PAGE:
Differential roles of Lck and Itk in T cell response to antigen recognition revealed by calcium imaging and electron microscopy.
Donnadieu E., Lang V., Bismuth G., Ellmeier W., Acuto O., Michel F., Trautmann A.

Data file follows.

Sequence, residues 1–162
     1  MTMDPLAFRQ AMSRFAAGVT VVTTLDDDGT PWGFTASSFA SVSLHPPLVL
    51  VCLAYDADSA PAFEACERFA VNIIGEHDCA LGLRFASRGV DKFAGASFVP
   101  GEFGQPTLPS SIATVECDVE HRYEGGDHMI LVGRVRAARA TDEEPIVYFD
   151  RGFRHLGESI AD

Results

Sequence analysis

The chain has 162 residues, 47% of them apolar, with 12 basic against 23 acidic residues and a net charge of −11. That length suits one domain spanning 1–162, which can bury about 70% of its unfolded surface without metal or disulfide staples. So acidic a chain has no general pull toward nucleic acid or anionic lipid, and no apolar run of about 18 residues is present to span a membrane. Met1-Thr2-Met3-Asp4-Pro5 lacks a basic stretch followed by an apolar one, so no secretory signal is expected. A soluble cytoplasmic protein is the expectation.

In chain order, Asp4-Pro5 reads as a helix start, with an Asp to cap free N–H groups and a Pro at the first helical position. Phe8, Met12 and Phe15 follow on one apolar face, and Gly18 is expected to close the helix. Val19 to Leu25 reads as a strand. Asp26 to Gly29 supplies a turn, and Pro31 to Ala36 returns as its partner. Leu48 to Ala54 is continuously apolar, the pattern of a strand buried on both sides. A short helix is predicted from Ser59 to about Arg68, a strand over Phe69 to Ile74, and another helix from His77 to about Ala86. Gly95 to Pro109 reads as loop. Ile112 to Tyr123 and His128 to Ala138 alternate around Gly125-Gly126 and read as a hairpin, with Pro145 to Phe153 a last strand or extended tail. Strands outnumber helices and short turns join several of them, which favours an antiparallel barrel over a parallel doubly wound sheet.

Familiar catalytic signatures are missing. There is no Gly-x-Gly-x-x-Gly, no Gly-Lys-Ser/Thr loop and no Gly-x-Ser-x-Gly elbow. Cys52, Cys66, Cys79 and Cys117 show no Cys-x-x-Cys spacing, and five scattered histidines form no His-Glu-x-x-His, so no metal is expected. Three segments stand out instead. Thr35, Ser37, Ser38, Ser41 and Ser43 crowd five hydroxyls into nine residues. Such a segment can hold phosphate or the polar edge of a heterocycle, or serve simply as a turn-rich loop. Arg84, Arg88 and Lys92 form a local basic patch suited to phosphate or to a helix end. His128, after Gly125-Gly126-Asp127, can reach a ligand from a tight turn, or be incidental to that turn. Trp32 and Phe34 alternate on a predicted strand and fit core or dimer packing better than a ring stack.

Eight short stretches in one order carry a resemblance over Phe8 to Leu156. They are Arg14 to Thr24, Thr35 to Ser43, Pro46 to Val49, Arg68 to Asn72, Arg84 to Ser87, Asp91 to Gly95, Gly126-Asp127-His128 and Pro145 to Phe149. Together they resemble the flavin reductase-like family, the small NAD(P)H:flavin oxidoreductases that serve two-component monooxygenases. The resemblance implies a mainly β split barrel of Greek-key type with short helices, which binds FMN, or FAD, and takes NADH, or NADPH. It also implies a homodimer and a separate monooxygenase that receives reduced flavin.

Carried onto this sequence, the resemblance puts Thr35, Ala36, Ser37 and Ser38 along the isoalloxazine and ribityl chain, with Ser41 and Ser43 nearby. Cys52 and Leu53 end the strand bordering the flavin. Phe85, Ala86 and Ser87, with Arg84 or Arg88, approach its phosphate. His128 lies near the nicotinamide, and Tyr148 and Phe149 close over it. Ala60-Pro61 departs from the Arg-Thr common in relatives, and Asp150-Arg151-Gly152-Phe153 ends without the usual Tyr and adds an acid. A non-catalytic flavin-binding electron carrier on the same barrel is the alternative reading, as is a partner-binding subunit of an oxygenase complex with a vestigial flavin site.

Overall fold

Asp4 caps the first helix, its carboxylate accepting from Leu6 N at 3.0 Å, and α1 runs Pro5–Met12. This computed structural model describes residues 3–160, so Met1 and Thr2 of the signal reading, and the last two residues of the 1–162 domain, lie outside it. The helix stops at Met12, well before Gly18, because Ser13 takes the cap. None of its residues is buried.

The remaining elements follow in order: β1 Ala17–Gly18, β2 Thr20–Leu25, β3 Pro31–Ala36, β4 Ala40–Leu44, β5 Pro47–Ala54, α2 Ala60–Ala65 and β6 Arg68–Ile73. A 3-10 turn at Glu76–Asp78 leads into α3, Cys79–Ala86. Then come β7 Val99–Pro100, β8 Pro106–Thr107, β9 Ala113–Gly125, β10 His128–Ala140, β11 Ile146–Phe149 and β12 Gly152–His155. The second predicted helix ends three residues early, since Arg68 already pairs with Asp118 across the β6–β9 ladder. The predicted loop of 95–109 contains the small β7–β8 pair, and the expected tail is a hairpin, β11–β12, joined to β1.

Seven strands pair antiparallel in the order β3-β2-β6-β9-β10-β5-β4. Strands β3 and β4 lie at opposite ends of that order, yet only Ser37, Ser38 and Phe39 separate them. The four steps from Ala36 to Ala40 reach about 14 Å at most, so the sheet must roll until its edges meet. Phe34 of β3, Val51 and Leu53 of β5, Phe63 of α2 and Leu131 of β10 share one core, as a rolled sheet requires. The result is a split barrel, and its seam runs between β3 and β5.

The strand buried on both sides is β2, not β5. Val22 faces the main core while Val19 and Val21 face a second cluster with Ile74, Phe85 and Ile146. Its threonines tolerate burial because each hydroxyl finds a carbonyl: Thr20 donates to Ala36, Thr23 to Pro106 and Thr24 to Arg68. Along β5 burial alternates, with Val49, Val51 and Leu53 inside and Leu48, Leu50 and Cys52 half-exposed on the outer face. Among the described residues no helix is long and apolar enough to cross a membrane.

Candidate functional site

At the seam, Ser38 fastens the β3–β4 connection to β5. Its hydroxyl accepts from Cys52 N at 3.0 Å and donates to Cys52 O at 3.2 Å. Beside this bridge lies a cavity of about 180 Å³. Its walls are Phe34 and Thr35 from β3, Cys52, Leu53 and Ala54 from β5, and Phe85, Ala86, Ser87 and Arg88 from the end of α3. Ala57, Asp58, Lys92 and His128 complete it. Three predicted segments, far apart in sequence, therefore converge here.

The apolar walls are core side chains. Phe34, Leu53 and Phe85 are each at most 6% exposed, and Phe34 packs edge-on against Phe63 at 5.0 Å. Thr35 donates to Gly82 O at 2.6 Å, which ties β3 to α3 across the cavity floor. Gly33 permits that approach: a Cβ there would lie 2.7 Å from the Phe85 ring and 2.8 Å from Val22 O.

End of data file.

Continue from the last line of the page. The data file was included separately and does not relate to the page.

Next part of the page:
Ag recognition triggered at the interface between a T cell and an APC is conditioned by cell-cell adhesion and cytoskeletal remodeling. The role played in these phenomena by Lck and Itk, two protein tyrosine kinases essential for T cell signaling, was examined. Early T cell responses (membrane ruffling, Ca(2+) response, APC-T cell adhesion) were monitored in T cells overexpressing kinase-defective (KD) Lck and Itk mutants by combining fluorescence imaging and electron microscopy. Neither Lck nor Itk appears to be involved in the Ag-independent formation of a small and labile contact interface between T cells and APCS: By contrast, the Ag-induced Ca(2+) response in a cell population is similarly blunted in both KD transfectants. However, the underlying mechanisms are strikingly different for the two kinases. The major effect of Lck-KD is to reduce the probability of giving rise to quasi-normal Ca(2+) responses, whereas overexpression of Itk-KD results in a tuning down of all single-cell Ca(2+) responses. In addition, Lck, but not Itk, is required for the formation of a stable T/APC conjugate and for T cell polarization after Ag stimulation. Overall, our results lead to a clear distinction between Lck and ITK: Lck plays an ignition role, controlling all the downstream events tested here, whereas Itk amplifies the Ca(2+) response, but is dispensable for APC-induced adhesive and morphological responses.